By David Hargreaves
Dairy giant Fonterra's announced an opening milk price forecast for the new season at the low end of market estimates - $5.25, and unleashed an unpleasant surprise by dropping the current season price yet again to $4.40 from $4.50.
Market estimates for the new season price had ranged from as little as $5 to a more commonly expected $5.60-$5.70. The further drop in the current season price had not been widely expected.
The advance rate to farmers for the new season will be $3.66.
Fonterra's farmers, through the Fonterra Shareholders' Council, expressed a desire to put the current season behind them and move on to the next. "The number remains a disappointing one," shareholders' council chairman Ian Brown said.
In terms of the current season, along with Fonterra's previously announced forecast dividend range of 20-30 cents per share, the change amounts to a forecast cash payout of $4.60 - $4.70 that would be paid to a fully shared-up farmer. Last year the total payout was $8.50.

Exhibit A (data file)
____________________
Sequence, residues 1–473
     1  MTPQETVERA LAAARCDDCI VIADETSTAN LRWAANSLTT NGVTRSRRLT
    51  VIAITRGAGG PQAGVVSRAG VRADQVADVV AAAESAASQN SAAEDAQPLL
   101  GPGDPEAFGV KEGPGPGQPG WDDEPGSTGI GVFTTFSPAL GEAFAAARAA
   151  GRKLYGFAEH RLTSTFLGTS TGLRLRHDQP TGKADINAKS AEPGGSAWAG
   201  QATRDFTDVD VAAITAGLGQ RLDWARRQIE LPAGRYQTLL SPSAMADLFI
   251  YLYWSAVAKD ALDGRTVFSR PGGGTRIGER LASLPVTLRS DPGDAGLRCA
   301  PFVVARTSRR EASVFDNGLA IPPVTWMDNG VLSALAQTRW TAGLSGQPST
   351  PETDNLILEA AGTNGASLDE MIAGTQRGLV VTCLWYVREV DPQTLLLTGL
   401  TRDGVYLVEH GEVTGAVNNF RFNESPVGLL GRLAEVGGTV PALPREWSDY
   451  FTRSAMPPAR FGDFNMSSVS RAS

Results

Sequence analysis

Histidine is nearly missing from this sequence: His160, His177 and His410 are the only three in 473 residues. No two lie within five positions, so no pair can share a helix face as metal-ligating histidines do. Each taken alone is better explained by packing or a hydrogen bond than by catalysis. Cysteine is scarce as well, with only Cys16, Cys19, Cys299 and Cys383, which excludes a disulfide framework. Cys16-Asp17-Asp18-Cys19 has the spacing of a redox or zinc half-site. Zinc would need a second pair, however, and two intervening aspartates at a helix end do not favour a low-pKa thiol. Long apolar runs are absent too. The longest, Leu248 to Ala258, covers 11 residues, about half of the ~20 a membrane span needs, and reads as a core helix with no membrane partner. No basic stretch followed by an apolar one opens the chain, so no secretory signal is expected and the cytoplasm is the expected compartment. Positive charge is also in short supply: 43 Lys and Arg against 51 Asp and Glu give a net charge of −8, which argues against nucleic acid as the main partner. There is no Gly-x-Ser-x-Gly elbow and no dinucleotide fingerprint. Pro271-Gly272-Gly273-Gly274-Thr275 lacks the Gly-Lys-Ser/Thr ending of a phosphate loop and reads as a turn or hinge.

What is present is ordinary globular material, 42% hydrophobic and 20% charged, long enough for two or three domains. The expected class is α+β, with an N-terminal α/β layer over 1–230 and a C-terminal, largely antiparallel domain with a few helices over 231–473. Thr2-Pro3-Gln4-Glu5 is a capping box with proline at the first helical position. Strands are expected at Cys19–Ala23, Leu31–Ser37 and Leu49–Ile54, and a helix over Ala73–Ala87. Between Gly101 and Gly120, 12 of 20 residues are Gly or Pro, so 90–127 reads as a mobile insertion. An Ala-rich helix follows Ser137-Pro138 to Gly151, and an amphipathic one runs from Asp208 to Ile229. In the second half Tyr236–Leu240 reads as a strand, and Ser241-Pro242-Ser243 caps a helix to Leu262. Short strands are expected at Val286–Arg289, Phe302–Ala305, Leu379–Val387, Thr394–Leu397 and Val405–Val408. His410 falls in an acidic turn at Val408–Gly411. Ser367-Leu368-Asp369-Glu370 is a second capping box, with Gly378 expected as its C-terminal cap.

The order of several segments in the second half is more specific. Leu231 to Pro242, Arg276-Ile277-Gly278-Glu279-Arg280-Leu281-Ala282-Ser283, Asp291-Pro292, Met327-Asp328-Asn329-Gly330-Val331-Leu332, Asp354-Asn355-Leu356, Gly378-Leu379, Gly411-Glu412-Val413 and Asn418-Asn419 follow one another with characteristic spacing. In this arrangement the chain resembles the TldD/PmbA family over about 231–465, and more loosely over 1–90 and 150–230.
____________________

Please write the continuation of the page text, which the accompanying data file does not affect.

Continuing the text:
Labour's finance spokesperson Grant Robertson said the "dramatic" milk price forecasts made for a "$13 billion two-year economic black hole".
“The big black hole in the Government’s budget was a plan to diversify the economy so New Zealand is not so reliant on commodity traders," he said.
“...New Zealand needs a modern, diverse economy that creates well-paying jobs across all industries. This Government’s neglect is creating financial risks to New Zealand.”
The Kiwi dollar rose slightly after the announcement - up about a quarter of a cent to US72.7c - which Westpac senior economist Michael Gordon said suggested that "the market was braced for the possibility of something even weaker".
Westpac's retaining a forecast for the milk price to end the season at $5,70/kg, although "the risks lie to the downside".
'Distinctly below average'
"The 2015/16 season is shaping up to be a distinctly below-average one, following a very weak 2014/15 season. Dairy farmers will need to budget cautiously over the next year regardless of where the final milk price ends up," Gordon said.